As we entered the Edinburgh airport, we had time. It seemed safe. We had checked in. We were flying Ryanair, a budget European airline. We went through security very well. When we scanned our passports, we went right through. We went in and ate something. Then we got in line, getting close to departure, someone from the airline looked at our paperwork and said we missed something. We needed to go back through security to have our passports checked in person. It was something on signs around, but nothing that meant anything for us foreign travel rookies. I didn't foresee us making it through security, checking our luggage again. The anxiety and adrenalin were high.
I led the family first into a shop and asked somebody in the shop to watch our luggage. That was a big, no. Wouldn't, couldn't do it. We had a friendly conversation at the restaurant with a Scottish couple. We begged them with fear in our eyes to watch our luggage, while we went through security again. They were very sympathetic and did it. They were a life saver. A young Filipino woman was moving with us every step of that way, because she had done the very same thing we did, so she just followed us.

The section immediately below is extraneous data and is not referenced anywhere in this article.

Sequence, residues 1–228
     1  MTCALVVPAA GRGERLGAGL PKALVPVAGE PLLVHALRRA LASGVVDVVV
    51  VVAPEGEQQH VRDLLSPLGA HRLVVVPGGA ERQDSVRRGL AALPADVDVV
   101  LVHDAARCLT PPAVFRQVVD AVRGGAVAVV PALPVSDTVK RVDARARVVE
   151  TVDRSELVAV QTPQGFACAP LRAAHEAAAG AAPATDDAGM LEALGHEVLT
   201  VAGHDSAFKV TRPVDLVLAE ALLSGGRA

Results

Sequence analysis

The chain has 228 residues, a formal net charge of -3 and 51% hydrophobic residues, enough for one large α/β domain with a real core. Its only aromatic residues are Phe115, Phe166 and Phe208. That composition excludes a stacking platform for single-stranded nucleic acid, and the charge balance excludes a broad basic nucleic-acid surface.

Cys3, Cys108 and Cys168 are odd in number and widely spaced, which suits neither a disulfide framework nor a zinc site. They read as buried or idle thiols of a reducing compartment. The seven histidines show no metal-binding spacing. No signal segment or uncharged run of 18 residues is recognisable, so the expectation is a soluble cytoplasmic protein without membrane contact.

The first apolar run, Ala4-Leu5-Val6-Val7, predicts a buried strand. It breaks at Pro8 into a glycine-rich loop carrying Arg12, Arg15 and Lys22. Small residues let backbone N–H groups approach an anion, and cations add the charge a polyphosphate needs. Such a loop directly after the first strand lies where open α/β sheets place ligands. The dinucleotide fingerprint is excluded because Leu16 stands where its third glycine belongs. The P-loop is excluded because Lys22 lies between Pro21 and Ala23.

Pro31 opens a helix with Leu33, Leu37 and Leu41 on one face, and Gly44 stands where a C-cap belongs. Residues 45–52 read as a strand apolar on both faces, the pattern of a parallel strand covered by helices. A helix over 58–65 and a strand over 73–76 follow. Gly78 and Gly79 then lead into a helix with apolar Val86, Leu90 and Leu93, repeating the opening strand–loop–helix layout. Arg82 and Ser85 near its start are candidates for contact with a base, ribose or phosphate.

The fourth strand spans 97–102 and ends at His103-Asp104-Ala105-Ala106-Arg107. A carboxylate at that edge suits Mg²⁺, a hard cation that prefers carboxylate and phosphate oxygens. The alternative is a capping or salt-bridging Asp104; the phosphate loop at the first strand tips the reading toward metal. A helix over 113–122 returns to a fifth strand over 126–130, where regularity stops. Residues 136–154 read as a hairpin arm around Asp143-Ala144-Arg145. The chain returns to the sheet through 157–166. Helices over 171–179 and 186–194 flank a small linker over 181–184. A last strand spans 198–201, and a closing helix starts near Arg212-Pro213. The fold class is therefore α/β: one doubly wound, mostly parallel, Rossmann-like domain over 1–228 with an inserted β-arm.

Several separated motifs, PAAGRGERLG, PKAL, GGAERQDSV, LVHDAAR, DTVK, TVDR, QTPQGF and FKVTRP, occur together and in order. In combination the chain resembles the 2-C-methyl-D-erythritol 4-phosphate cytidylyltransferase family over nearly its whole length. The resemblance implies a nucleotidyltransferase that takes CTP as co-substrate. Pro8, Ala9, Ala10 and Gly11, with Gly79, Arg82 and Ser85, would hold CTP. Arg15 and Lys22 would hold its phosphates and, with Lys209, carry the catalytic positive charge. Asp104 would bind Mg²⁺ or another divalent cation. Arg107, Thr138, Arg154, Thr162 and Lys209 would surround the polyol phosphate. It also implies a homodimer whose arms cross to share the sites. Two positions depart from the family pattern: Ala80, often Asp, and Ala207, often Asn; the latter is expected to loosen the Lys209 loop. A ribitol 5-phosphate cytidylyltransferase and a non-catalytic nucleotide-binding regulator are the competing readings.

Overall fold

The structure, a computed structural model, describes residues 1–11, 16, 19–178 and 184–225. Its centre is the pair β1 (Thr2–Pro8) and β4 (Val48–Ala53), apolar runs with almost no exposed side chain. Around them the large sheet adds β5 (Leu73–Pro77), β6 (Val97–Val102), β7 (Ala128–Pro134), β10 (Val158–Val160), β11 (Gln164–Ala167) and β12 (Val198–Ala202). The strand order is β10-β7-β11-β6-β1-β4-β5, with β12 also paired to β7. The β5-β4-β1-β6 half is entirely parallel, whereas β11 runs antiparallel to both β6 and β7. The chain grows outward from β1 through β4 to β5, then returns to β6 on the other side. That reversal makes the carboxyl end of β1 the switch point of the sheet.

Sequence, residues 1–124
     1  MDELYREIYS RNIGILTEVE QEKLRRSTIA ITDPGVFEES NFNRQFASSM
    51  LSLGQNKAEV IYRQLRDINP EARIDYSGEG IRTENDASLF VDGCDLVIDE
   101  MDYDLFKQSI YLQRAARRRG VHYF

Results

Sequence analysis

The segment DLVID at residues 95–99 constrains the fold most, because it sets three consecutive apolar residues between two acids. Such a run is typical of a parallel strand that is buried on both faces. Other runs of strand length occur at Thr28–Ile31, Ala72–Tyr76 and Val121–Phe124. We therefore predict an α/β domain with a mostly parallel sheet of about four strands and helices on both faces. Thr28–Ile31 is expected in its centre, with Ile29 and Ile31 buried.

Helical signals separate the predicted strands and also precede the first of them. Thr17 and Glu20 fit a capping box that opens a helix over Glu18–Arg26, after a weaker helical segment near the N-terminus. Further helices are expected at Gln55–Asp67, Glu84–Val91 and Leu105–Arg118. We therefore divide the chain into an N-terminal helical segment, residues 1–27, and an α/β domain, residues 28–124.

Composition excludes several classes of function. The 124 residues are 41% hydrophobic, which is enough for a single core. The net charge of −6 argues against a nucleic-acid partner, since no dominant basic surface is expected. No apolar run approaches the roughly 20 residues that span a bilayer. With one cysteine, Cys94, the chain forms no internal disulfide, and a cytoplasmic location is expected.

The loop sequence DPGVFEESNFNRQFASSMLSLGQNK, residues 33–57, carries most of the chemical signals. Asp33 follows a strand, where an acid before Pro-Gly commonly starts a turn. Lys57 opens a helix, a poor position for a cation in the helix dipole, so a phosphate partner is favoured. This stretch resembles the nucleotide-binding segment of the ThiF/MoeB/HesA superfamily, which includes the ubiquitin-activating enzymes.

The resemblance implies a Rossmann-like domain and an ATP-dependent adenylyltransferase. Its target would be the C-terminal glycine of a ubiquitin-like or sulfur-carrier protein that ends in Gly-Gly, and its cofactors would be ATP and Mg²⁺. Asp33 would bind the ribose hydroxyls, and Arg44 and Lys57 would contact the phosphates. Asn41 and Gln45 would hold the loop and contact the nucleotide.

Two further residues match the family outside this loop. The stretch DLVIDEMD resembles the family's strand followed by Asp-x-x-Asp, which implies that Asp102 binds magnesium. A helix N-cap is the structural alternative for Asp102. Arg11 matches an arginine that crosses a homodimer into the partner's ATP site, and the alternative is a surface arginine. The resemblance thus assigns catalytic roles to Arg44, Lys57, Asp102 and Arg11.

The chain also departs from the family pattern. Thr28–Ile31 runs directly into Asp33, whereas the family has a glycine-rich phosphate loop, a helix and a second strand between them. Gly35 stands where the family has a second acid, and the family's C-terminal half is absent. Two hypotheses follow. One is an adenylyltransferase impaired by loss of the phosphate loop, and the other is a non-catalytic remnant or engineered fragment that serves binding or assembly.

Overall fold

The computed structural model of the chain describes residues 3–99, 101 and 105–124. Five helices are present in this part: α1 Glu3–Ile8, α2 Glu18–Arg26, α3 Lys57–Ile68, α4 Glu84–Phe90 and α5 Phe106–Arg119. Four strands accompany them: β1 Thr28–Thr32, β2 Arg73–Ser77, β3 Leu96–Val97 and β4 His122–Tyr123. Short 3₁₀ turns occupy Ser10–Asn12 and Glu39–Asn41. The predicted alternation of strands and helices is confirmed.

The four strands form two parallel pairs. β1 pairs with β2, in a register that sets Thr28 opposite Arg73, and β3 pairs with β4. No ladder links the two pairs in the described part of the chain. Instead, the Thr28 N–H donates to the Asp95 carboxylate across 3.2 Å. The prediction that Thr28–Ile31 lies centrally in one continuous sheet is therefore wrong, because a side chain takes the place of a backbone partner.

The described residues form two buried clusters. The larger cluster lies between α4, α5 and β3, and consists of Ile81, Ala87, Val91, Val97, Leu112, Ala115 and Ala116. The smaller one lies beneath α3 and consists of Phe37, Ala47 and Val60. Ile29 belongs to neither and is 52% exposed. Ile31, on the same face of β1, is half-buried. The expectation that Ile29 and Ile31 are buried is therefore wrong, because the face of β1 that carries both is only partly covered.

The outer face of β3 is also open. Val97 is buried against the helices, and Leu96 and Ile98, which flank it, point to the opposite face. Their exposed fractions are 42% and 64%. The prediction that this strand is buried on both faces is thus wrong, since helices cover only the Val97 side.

We exited, were shown the way to security. People were helpful. We were running. The plane was already being boarded. It is a pathetic, weak looking run. Our passports were checked easily. We got through security very very fast, because it was still early. Our flight was to leave at 6am. We didn't have luggage. We met the Scottish family, got our luggage from them, thanked them profusely. The Filipino young nurse was very happy with us, because we led her to success. We were sitting on the front row of the plane. That was nice. You should always thank the Lord, because these things are part of His providence. We did.
Our flight was from Edinburgh to Bologna. We were traveling to Venice, but we flew to Bologna, because overall it was less expensive to go from Edinburgh to Bologna by plane and then from Bologna to Venice by train, then to go the straight shot to Venice. It was more adventurous anyway, because we got to include a look at Bologna briefly.